One of the partners of the Erasmus project StadtRäume/UrbanSpaces is Oulu, Finland. Oulu is the largest city in Northern Finland with about 210 000 inhabitants. It is situated by the Gulf of Bothnia, at the mouth of Oulu River, which is an ancient trading site. The city was founded in 1605 by King Charles IX of Sweden opposite the castle built on the island of Linnansaari. The name Oulu comes from a word in the Sami language meaning floodwater. Oulu has been the capital of Oulu province since 1776. From being a town known for pine tar and salmon, Oulu has evolved into a growing modern centre of high-tech industries.
The university of Oulu, founded in 1958, has been important for the development of the city and the region. The university was the first regional university founded in Finland. At first it emphasized natural sciences and engineering, but it grew rapidly to be one of the largest and most multidisciplinary universities in Finland. Today the University of Oulu has about 14 000 students in eight faculties and about 3000 employees. Oulu university has had considerable regional impact over the years in many ways. It has contributed to northern society, economy and self-esteem. Today University of Oulu is an international science university, which ranks among the world's approximately 17 000 to 23 000 universities in the top 3 % on average.
The first disciplines in the humanities were founded in 1965 in Oulu University, and nowadays the Faculty of Humanities provides a large variety of major subjects. The Research Unit for History, Culture and Communications includes degree programmes in Archeology and Cultural Anthropology, History, History of Sciences and Ideas as well as Information Studies. In addition, the research unit offers a master’s degree Programme in Science Communication. Disciplines represented in the Research Unit for Languages and Literature include English, Swedish Language, German Language and Culture, Finnish Language as well as Literature. Logopedics forms a research unit on its own. Teaching and researching Sami language and culture is a special national duty of the Faculty of Humanities and is the responsibility of the Giellagas Institute.
Oulu representatives in the project StadtRäume/UrbanSpaces come from the Department of History at the Oulu University and the Finland-Germany Association in Oulu. The research conducted at the Department of History emphasises subjects that help understand and elaborate the relationship of past and present, such as transcultural encounters, history and memory politics, colonial medicine, networks of knowledge and development cooperation, environmental history, health and well-being in the Arctic, Nordic childhood and youth history, and forced migration and immigration policies.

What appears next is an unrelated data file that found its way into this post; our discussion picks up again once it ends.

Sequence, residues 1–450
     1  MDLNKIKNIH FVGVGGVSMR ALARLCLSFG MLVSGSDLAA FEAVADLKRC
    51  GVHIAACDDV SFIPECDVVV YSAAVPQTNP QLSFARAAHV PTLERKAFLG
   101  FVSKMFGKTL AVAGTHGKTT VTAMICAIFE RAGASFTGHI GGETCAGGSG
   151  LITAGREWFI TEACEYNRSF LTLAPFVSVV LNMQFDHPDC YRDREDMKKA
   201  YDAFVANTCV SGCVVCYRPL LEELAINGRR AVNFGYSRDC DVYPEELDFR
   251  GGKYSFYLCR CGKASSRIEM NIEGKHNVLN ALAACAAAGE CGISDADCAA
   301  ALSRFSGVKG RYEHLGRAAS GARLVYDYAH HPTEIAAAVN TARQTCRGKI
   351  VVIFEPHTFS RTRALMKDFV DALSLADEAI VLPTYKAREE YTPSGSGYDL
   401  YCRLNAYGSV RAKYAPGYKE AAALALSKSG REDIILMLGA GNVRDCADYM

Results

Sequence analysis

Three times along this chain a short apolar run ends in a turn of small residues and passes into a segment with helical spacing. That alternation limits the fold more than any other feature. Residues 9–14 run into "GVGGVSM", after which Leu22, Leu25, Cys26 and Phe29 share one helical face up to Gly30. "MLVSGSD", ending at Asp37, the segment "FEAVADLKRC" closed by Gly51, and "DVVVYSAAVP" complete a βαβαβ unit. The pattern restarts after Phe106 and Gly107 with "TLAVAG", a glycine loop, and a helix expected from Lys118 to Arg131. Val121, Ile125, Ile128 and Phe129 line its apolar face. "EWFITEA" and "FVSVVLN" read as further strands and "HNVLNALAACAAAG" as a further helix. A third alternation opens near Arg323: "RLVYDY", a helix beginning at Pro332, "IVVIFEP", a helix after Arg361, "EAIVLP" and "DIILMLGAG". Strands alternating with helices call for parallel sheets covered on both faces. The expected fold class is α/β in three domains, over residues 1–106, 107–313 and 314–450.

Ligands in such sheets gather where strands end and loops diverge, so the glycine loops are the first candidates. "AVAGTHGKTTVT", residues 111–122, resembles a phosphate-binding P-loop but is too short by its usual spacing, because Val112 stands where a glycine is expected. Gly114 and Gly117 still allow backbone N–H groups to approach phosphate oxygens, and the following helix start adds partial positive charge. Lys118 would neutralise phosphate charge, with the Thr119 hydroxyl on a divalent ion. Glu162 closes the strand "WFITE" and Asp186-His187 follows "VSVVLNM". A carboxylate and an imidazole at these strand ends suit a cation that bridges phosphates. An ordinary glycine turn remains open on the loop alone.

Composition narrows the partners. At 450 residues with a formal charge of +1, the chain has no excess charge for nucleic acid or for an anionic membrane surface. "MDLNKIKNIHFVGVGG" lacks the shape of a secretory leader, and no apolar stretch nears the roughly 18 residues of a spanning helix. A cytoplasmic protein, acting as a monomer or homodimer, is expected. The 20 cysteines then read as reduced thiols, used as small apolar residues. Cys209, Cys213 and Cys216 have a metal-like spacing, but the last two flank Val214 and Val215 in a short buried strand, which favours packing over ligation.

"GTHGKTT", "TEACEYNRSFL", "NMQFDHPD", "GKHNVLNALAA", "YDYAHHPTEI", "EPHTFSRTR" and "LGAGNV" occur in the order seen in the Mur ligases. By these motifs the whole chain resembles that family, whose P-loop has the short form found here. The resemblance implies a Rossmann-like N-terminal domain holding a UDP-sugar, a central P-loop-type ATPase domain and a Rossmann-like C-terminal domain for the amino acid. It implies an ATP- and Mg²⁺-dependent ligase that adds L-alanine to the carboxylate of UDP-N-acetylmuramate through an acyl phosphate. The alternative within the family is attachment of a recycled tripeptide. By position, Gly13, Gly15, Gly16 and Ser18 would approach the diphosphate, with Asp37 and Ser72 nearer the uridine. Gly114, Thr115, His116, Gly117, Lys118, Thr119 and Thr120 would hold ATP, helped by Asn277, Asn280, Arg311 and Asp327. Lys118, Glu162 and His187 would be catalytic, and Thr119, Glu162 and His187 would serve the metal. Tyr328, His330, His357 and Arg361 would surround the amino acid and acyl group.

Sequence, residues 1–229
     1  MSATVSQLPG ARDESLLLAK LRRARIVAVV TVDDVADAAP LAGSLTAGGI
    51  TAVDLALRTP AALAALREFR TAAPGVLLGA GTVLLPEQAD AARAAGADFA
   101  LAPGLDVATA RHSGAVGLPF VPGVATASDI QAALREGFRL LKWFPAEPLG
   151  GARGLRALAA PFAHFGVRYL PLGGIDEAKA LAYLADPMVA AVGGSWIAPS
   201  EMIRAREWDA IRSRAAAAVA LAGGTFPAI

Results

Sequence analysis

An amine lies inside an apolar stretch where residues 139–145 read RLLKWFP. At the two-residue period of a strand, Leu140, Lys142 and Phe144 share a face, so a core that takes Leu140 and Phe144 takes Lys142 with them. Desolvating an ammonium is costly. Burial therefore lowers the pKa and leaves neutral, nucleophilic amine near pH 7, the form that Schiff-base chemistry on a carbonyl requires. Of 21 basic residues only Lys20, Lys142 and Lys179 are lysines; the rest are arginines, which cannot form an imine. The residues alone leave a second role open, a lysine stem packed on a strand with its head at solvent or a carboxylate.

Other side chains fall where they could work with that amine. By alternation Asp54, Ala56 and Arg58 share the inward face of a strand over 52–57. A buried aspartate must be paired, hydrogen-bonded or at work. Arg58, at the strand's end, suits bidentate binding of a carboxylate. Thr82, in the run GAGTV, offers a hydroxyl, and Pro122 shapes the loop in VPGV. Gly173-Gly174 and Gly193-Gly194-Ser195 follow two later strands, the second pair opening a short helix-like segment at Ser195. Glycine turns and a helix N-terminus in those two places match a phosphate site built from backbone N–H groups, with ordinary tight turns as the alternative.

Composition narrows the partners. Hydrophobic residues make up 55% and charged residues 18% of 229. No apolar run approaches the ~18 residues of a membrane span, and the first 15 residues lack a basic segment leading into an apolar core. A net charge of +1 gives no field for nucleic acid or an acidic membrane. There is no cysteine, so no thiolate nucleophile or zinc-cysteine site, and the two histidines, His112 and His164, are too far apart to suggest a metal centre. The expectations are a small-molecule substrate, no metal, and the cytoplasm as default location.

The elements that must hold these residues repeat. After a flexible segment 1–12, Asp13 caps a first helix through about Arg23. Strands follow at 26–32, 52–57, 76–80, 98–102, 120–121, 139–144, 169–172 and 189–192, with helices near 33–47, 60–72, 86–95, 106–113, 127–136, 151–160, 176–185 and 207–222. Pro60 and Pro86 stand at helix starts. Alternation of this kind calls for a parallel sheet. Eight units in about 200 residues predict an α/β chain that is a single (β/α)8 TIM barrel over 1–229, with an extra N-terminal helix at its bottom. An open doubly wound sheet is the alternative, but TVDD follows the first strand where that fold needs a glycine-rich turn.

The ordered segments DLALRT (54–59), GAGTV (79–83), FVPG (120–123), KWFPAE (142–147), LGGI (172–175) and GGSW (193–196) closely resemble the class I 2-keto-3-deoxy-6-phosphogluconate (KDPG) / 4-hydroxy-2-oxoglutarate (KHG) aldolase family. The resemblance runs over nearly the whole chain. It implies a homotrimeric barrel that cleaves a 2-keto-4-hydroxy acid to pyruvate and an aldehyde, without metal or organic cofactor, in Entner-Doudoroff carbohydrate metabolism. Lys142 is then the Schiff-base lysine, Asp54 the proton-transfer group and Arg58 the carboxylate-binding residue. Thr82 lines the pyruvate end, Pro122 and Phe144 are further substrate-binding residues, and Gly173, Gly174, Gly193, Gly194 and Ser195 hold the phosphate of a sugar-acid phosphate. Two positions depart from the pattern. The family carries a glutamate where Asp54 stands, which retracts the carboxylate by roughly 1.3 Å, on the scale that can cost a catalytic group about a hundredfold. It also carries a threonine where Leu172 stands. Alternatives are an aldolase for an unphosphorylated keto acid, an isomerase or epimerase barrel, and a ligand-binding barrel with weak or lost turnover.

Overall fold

The StadtRäume/UrbanSpaces team at the Department of History consists of professor Tiina Kinnunen, university lecturers Matti Salo, Ainur Elmgren and Matti Enbuske, PhD Matti Mäntylä, doctoral researchers Roosa Tyni and Riikka Isoaho-Nousiainen and master’s student Heli Paananen. The representatives of the Finland-Germany Society in the project are chairman Gottfried Effe and vice Chairman and secretary Erwin Fisher.
The City of Oulu is the capital of Northern Finland, and the Oulu Region is one of the fastest growing regions in the country. The City of Oulu itself has over 210 000 inhabitants.
Oulu is the logistic center of Northern Finland. All main roads meet in Oulu and railway station is one of the busiest in Finland. Oulu has an international airport and there are about 15 flights to and from Helsinki each day. Oulu Port is the largest general port in the Bothnian Bay visited by about 550 cargo ships every year.
Nowadays the Oulu Region is well known for its technology, the hi-tech growth having started after the establishment of Oulu University in 1958. There are two science parks in the region: Technopolis Plc, Scandinavia's first science park, and Medipolis Ltd., as well as a technology centre, Ii Micropolis Ltd. The region is home to many hi-tech companies, such as Nokia, and the sector currently employs over 10,000 people. There are several large research institutes in Oulu, including VTT Technical Research Centre of Finland and the University Hospital. There is also the multidisciplinary Oulu University of Applied Sciences.
The Oulu Region also has a lively cultural climate. Oulu has the largest professional theatre in Northern Finland, Northern Ostrobothnia Museum, Oulu Museum of Art, Science Center Tietomaa, Oulu Symphony Orchestra and several other cultural institutions, events and exhibitions which provide a wide range of cultural experiences. In 2021 Oulu was elected the European Capital of Culture in 2026.